Force buggies to give way on the buses

From: Tim Mickleburgh, Boulevard Avenue, Grimsby.

I WAS disappointed with the ruling which means selfish people with buggies don’t have to make way on buses for those in wheelchairs (The Yorkshire Post, December 8).

As a regular bus passenger, I see the problems that buggies can cause to other travellers. I mean, I’ve no objection to them occupying the sole wheelchair space when there isn’t a wheelchair on board. But most drivers seem to allow a seconded unfolded buggy in the space of the folded-up seats, even if this reduces the seating space for fare paying passengers.

Two buggies inevitably mean that the gangway is at least partly blocked, causing problems for those getting on and off a vehicle. What’s more, I should say that some buggies are in reality prams, virtually if not impossible to fold.

So if legislation relating to bus travel has to change, then I would recommend that non-foldable prams\buggies were only allowed on board if those pushing them paid an extra fare, as happens when people are accompanied by a dog. After all, they do take up valuable room.

Fiddling the crime figures

From: Peter Hyde, Driffield, East Yorkshire.

CHIEF Constable Neil Rhodes is right to speak out about the cuts his force is facing. The Home Office lives in cloud cuckoo land. Of course there is less ‘crime’ (The Yorkshire Post, December 9).

Police forces are obliged to fiddle the books in order to appear efficient and many small crimes are not even reported because the victim is well aware that the police will not attend and they will, if lucky, only be given a crime number so they can claim on their insurance. As a young constable, I was set the task of keeping observations for someone who stole a bottle of milk from a doorstep every day.

After three early mornings on watch, I arrested him. He was charged and went to court to be fined and threatened with jail if he did it again. Today he would plead poverty and be sent to a food bank for milk.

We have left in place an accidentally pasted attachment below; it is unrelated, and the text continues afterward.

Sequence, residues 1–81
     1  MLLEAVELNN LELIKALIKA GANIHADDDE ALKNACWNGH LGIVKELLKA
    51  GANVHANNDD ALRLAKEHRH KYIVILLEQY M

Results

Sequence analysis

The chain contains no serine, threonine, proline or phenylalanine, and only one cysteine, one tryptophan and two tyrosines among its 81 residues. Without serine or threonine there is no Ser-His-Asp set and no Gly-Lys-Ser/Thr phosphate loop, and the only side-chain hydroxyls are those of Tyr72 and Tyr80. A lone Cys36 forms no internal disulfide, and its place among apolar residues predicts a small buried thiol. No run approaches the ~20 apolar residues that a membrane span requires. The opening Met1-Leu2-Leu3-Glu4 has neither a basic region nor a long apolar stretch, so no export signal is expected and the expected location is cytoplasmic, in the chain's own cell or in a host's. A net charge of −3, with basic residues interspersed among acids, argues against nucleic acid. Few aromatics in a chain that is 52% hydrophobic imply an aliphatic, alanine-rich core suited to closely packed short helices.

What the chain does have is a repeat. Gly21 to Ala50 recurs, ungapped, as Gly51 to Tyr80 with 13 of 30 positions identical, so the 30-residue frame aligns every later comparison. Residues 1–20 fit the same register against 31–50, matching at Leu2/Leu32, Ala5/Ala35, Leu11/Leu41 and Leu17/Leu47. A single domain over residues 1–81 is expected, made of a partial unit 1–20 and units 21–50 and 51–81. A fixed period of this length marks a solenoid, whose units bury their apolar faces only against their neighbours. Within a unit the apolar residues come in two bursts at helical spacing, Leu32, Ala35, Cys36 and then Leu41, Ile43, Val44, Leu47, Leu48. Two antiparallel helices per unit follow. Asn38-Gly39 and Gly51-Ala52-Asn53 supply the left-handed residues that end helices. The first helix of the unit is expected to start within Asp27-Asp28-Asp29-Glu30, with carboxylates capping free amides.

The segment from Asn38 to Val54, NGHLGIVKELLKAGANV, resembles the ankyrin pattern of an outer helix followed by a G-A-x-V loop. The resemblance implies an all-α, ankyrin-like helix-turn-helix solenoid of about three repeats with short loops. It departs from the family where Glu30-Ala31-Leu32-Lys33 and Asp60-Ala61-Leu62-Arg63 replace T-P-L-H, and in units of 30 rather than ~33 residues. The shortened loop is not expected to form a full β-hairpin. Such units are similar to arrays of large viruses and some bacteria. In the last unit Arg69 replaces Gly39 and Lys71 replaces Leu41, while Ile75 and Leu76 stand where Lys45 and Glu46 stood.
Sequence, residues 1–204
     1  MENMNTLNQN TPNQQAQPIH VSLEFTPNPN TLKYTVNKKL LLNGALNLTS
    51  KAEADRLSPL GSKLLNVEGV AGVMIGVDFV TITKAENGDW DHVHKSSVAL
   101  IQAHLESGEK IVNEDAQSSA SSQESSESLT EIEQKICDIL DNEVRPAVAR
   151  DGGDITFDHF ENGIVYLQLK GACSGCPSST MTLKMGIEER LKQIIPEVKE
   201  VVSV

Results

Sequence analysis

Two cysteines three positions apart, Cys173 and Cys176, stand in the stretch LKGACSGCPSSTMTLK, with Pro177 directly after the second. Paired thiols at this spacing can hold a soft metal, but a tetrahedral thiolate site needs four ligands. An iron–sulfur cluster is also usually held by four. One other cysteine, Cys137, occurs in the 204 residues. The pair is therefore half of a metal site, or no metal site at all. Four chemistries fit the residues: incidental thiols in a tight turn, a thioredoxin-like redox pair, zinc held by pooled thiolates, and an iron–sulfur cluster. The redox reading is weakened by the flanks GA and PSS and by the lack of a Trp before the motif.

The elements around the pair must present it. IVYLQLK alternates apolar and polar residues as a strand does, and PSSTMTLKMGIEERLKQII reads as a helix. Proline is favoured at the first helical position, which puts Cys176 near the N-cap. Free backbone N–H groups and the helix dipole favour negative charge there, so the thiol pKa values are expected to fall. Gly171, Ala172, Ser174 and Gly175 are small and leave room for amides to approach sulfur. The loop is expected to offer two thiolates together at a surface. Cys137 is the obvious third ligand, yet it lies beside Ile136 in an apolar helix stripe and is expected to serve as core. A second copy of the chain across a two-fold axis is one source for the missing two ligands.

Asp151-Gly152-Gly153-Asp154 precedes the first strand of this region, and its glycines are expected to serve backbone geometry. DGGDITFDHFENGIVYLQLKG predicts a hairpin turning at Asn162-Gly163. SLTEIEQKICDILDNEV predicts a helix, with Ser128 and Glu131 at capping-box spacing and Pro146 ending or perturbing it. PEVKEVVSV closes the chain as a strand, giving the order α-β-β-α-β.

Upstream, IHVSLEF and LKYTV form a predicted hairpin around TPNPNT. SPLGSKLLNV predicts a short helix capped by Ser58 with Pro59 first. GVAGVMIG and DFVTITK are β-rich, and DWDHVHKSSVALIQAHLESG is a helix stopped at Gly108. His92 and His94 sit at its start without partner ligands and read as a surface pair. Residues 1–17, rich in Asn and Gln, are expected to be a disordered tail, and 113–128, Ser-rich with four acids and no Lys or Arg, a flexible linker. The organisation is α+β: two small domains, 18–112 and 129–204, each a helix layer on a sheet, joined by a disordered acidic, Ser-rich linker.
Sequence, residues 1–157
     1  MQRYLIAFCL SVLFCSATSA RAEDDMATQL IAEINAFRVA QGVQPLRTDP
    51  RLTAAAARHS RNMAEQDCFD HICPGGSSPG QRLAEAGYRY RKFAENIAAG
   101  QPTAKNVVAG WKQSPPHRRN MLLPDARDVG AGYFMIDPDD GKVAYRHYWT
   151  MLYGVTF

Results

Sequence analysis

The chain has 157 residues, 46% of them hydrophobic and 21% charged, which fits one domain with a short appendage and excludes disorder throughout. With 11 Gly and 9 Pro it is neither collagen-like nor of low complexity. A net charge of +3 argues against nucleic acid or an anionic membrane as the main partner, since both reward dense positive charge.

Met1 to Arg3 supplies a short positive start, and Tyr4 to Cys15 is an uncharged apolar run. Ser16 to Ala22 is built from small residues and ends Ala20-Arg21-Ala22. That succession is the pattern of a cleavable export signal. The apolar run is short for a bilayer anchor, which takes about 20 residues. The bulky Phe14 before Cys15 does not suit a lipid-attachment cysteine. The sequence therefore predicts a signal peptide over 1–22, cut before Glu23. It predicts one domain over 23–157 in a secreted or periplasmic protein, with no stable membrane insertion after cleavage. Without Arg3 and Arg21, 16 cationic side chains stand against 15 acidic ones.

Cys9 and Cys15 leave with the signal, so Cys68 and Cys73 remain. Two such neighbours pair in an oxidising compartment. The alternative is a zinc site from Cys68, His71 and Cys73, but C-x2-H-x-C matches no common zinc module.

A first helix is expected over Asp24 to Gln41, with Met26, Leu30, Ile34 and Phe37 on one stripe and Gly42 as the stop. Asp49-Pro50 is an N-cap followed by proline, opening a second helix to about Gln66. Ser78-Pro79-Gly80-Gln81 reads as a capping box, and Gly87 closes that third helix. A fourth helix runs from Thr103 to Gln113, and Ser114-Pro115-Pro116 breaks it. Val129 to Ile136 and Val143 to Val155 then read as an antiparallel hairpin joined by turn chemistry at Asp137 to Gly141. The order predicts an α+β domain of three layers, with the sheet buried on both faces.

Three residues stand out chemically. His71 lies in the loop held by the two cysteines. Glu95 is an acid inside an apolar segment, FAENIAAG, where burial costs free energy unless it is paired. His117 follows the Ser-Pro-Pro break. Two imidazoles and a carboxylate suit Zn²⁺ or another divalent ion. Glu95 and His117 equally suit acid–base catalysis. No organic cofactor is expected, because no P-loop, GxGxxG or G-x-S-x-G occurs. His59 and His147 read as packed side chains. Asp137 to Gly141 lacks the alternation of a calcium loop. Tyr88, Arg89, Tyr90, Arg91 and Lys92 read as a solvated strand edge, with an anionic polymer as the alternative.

Mandela’s legacy

From: Edward Dale, Penny Lane, Summit Drive, West Riding, Durban.

I ABSOLUTELY love living in South Africa under Nelson Mandela’s dream party, the African National Congress (Bill Carmichael, The Yorkshire Post, December 12). We now have so much freedom in South Africa!

Freedom from electricity – because there isn’t any; freedom from the Police – the system has collapsed, so you just pay a policeman a bribe if he asks; freedom from health care – the hospital health care systems have collapsed, and all the equipment stolen; freedom to sit at home each evening – you can’t walk or drive anywhere, as you’ll get murdered anytime after dark; freedom of personal possessions – they’ve all been stolen as well.

Yep, it’s certainly a free country now.

Thank you, Mr Mandela, for destroying our once beautiful country!

Look at what’s
down the line

From: Michael Green, Baghill Green, Tingley, Wakefield.

YOUR correspondent ME Wright refers to the hoped for withdrawal of the much criticised “Pacer” trains from service in Yorkshire (The Yorkshire Post, December 8).

He may not be aware that one of the leading candidates for their replacement is the former London Underground “surface” stock recently withdrawn from the Metropolitan and Circle Lines, which date from 1961, and would simply have truck engines bolted under the chassis to convert them from electric to diesel power.

No, this is not an April 1 spoof! I understand that the design work is well under way.

I think we should be very, very careful what we wish for!

Pensioner on
the throne

From: John Fisher, Menwith Hill, Harrogate.

THE biggest problem facing Prince Charles as our future king is his age and possible problems created by his first marriage. He will be of pensionable age on accession and he will inevitably rely increasingly on the younger members of the royal family.

One way to ensure a younger future UK monarchy would be for Charles to go into a graceful retirement and allow a younger monarch to take the throne, following the practice of some European monarchy. In a world of instant news and the increasing importance of personal image on the worldwide media it is difficult to see a future British royal family left unscathed by these forces.

We started 
the holy war

From: Trev Bromby, Sculcoates Lane, Hull.

I DON’T suppose for one moment that I’m the only person frustrated, enraged that there is little mention of the unholy alliance between George W Bush Bush and Tony Blair dragging Britain into a modern day holy war. Blair is the ultimate blood-spiller, regardless of who wields the sword.